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Early printed edition of Macrobius's Saturnalia, alongside the Somnium Scipionis.

Saturnalia (Latin: Saturnaliorum Libri Septem, "Seven Books of the Saturnalia") is a work written c. 400 AD by Macrobius.[1] The Saturnalia consists of an account of the discussions held at the house of Vettius Agorius Praetextatus during the holiday of the Saturnalia. It contains a great variety of curious historical, mythological, critical, antiquarian and grammatical discussions. "The work takes the form of a series of dialogues among learned men at a fictional banquet."[2] There is little attempt to give any dramatic character to the dialogue; in each book some one of the personages takes the leading part, and the remarks of the others serve only as occasions for calling forth fresh displays of erudition.[3]


The first book is devoted to an inquiry as to the origin of the Saturnalia and the festivals of Janus, which leads to a history and discussion of the Roman calendar, and to an attempt to derive all forms of worship from that of the Sun. The second book begins with a collection of bons mots, to which all present make their contributions, many of them being ascribed to Cicero and Augustus; a discussion of various pleasures, especially of the senses, then seems to have taken place, but almost the whole of this is lost. The third, fourth, fifth and sixth books are devoted to Virgil, dwelling respectively on his learning in religious matters, his rhetorical skill, his debt to Homer (with a comparison of the art of the two) and to other Greek writers, and the nature and extent of his borrowings from the earlier Latin poets. The latter part of the third book is taken up with a dissertation upon luxury and the sumptuary laws intended to check it, which is probably a dislocated portion of the second book. The seventh book consists largely of the discussion of various physiological questions.[3]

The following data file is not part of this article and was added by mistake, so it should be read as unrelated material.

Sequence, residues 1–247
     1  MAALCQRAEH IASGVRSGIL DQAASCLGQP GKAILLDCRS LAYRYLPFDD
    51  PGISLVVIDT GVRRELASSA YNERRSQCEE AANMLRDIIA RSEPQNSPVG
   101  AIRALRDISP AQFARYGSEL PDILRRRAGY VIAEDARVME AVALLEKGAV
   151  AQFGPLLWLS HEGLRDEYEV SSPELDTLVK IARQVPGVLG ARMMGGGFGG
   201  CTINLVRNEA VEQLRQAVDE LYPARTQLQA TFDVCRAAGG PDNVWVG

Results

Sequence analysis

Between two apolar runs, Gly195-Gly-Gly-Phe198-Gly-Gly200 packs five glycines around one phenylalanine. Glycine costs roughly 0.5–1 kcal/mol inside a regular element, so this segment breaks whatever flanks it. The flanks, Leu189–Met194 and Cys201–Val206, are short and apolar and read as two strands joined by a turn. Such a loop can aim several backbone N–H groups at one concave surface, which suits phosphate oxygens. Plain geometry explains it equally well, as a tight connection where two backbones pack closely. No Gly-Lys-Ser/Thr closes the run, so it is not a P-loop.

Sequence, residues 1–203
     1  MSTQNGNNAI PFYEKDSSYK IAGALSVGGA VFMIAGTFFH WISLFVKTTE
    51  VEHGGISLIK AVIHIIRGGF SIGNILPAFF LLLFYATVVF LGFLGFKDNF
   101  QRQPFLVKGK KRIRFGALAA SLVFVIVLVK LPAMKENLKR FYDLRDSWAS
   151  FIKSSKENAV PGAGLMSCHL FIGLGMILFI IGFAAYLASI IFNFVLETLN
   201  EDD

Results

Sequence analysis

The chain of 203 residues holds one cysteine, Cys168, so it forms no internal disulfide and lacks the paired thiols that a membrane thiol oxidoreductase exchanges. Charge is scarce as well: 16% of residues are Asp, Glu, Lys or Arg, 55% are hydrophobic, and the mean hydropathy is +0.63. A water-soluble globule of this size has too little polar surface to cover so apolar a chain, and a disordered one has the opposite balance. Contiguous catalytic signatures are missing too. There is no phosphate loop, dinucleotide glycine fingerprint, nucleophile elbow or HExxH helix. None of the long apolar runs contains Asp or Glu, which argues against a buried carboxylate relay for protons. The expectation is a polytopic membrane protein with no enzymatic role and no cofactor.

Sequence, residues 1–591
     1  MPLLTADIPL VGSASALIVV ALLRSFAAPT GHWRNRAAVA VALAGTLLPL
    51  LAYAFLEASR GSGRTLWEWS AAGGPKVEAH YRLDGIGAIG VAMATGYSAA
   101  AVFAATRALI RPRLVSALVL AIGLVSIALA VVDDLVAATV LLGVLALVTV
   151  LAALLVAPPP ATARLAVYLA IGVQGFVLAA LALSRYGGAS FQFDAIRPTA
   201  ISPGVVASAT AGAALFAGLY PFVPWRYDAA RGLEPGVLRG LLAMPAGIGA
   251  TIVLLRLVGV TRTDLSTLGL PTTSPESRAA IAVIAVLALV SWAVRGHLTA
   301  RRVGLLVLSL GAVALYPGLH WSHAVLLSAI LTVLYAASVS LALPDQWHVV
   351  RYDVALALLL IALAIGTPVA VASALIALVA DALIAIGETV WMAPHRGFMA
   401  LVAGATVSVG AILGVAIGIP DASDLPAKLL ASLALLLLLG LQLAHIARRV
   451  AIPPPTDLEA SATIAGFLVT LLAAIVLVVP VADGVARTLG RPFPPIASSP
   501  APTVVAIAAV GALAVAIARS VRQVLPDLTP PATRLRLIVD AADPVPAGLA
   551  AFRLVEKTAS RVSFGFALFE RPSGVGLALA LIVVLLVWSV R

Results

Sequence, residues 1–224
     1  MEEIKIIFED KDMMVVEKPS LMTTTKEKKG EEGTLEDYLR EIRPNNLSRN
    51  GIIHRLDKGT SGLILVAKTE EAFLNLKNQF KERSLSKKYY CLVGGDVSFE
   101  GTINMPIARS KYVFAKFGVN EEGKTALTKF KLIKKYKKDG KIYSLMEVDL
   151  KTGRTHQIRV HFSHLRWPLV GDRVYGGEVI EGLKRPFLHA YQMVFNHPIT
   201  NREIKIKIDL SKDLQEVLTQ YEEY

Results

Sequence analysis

The primary value of the work lies in the facts and opinions quoted from earlier writers. The form of the Saturnalia is copied from Plato's Symposium and Gellius's Noctes atticae; the chief authorities (whose names, however, are not quoted) are Gellius, Seneca the philosopher, Plutarch (Quaestiones conviviales), Athenaeus and the commentaries of Servius and others on Virgil.[3]

Editions and translationsEdit

  • Robert A. Kaster (ed.), Macrobius: Saturnalia. Loeb classical library 510–512. Cambridge, MA/ London: Harvard University Press, 2011. 3 volumes.
  • Percival Vaughan Davies (trans.), Macrobius: The Saturnalia. New York: Columbia University Press, 1969.
  • Macrobius, Ambrosius Aurelius Theodosius (1400s). Seven Books of the Saturnalia: Codex from the Plutei Collection of the Biblioteca Medicea Laurenziana in Florence (in Latin). World Digital Library. Retrieved 2014-02-28.


  1. ^ Flamant, Jaques; Tinnefeld, Franz (2006). "Macrobius". In Cancik, Hubert; Schneider, Helmuth; Salazar, Christine F.; Landfester, Manfred; Gentry, Francis G. (eds.). Brill's New Pauly. Leiden, Netherlands: Brill Publishers. ISBN 9789004122598.
  2. ^ "Seven Books of the Saturnalia". World Digital Library. 2014-02-26. Retrieved 2014-02-28.
  3. ^ a b c   One or more of the preceding sentences incorporates text from a publication now in the public domainChisholm, Hugh, ed. (1911). "Macrobius, Ambrosius Theodosius" . Encyclopædia Britannica. 17 (11th ed.). Cambridge University Press. p. 269.